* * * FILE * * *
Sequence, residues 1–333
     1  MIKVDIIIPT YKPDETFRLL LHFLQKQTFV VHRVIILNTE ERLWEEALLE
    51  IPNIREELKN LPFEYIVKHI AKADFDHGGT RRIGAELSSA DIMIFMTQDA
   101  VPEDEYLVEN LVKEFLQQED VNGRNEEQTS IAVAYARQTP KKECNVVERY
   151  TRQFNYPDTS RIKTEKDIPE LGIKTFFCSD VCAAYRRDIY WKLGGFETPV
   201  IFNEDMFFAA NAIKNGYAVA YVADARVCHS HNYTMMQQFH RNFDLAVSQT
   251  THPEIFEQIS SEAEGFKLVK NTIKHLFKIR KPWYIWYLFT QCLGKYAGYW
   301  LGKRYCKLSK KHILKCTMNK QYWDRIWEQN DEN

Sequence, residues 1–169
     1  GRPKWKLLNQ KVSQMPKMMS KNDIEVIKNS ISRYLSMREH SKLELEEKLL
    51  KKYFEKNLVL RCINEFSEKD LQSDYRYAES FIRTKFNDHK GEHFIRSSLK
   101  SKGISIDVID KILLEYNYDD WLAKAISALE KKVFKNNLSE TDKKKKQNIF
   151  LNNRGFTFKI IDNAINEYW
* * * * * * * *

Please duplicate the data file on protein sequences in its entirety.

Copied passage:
Sequence, residues 1–333
     1  MIKVDIIIPT YKPDETFRLL LHFLQKQTFV VHRVIILNTE ERLWEEALLE
    51  IPNIREELKN LPFEYIVKHI AKADFDHGGT RRIGAELSSA DIMIFMTQDA
   101  VPEDEYLVEN LVKEFLQQED VNGRNEEQTS IAVAYARQTP KKECNVVERY
   151  TRQFNYPDTS RIKTEKDIPE LGIKTFFCSD VCAAYRRDIY WKLGGFETPV
   201  IFNEDMFFAA NAIKNGYAVA YVADARVCHS HNYTMMQQFH RNFDLAVSQT
   251  THPEIFEQIS SEAEGFKLVK NTIKHLFKIR KPWYIWYLFT QCLGKYAGYW
   301  LGKRYCKLSK KHILKCTMNK QYWDRIWEQN DEN

Sequence, residues 1–169
     1  GRPKWKLLNQ KVSQMPKMMS KNDIEVIKNS ISRYLSMREH SKLELEEKLL
    51  KKYFEKNLVL RCINEFSEKD LQSDYRYAES FIRTKFNDHK GEHFIRSSLK
   101  SKGISIDVID KILLEYNYDD WLAKAISALE KKVFKNNLSE TDKKKKQNIF
   151  LNNRGFTFKI IDNAINEYW